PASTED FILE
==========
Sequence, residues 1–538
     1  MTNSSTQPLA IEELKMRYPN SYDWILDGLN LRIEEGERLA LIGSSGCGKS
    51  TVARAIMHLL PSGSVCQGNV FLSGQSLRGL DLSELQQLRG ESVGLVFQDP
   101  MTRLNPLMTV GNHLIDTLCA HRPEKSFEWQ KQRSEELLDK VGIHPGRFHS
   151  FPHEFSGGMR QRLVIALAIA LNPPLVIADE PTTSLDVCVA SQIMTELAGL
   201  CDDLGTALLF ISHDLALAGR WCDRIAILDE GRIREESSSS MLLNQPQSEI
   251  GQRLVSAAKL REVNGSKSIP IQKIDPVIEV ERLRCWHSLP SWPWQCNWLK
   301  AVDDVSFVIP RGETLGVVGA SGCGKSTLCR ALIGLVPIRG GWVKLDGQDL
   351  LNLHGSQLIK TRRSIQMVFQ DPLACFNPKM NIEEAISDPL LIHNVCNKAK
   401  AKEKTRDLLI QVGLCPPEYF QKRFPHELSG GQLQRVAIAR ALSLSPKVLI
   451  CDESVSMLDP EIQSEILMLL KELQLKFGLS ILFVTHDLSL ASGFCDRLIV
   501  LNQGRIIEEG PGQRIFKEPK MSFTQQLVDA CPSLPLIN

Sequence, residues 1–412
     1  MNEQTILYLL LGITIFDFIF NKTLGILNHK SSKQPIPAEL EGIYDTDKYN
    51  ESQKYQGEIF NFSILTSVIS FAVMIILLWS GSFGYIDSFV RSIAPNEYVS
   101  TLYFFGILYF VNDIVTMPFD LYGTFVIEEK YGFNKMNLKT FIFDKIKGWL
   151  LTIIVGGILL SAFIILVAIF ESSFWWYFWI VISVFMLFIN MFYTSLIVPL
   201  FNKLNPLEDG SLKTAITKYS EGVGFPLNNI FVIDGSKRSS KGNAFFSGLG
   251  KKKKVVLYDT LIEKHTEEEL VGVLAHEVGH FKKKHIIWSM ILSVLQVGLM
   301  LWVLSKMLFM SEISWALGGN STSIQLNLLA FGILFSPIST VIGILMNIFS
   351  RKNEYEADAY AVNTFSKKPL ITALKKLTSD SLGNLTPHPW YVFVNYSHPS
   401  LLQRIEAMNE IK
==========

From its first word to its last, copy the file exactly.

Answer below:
Sequence, residues 1–538
     1  MTNSSTQPLA IEELKMRYPN SYDWILDGLN LRIEEGERLA LIGSSGCGKS
    51  TVARAIMHLL PSGSVCQGNV FLSGQSLRGL DLSELQQLRG ESVGLVFQDP
   101  MTRLNPLMTV GNHLIDTLCA HRPEKSFEWQ KQRSEELLDK VGIHPGRFHS
   151  FPHEFSGGMR QRLVIALAIA LNPPLVIADE PTTSLDVCVA SQIMTELAGL
   201  CDDLGTALLF ISHDLALAGR WCDRIAILDE GRIREESSSS MLLNQPQSEI
   251  GQRLVSAAKL REVNGSKSIP IQKIDPVIEV ERLRCWHSLP SWPWQCNWLK
   301  AVDDVSFVIP RGETLGVVGA SGCGKSTLCR ALIGLVPIRG GWVKLDGQDL
   351  LNLHGSQLIK TRRSIQMVFQ DPLACFNPKM NIEEAISDPL LIHNVCNKAK
   401  AKEKTRDLLI QVGLCPPEYF QKRFPHELSG GQLQRVAIAR ALSLSPKVLI
   451  CDESVSMLDP EIQSEILMLL KELQLKFGLS ILFVTHDLSL ASGFCDRLIV
   501  LNQGRIIEEG PGQRIFKEPK MSFTQQLVDA CPSLPLIN

Sequence, residues 1–412
     1  MNEQTILYLL LGITIFDFIF NKTLGILNHK SSKQPIPAEL EGIYDTDKYN
    51  ESQKYQGEIF NFSILTSVIS FAVMIILLWS GSFGYIDSFV RSIAPNEYVS
   101  TLYFFGILYF VNDIVTMPFD LYGTFVIEEK YGFNKMNLKT FIFDKIKGWL
   151  LTIIVGGILL SAFIILVAIF ESSFWWYFWI VISVFMLFIN MFYTSLIVPL
   201  FNKLNPLEDG SLKTAITKYS EGVGFPLNNI FVIDGSKRSS KGNAFFSGLG
   251  KKKKVVLYDT LIEKHTEEEL VGVLAHEVGH FKKKHIIWSM ILSVLQVGLM
   301  LWVLSKMLFM SEISWALGGN STSIQLNLLA FGILFSPIST VIGILMNIFS
   351  RKNEYEADAY AVNTFSKKPL ITALKKLTSD SLGNLTPHPW YVFVNYSHPS
   401  LLQRIEAMNE IK